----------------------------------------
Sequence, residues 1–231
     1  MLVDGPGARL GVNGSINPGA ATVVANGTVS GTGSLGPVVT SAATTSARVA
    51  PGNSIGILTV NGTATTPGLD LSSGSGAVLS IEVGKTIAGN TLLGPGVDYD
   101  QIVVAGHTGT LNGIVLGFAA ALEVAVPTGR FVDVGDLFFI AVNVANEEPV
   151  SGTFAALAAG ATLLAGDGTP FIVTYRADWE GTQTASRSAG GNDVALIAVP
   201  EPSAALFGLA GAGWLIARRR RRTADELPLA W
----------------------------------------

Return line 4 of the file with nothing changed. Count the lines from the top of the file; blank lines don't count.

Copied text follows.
   101  QIVVAGHTGT LNGIVLGFAA ALEVAVPTGR FVDVGDLFFI AVNVANEEPV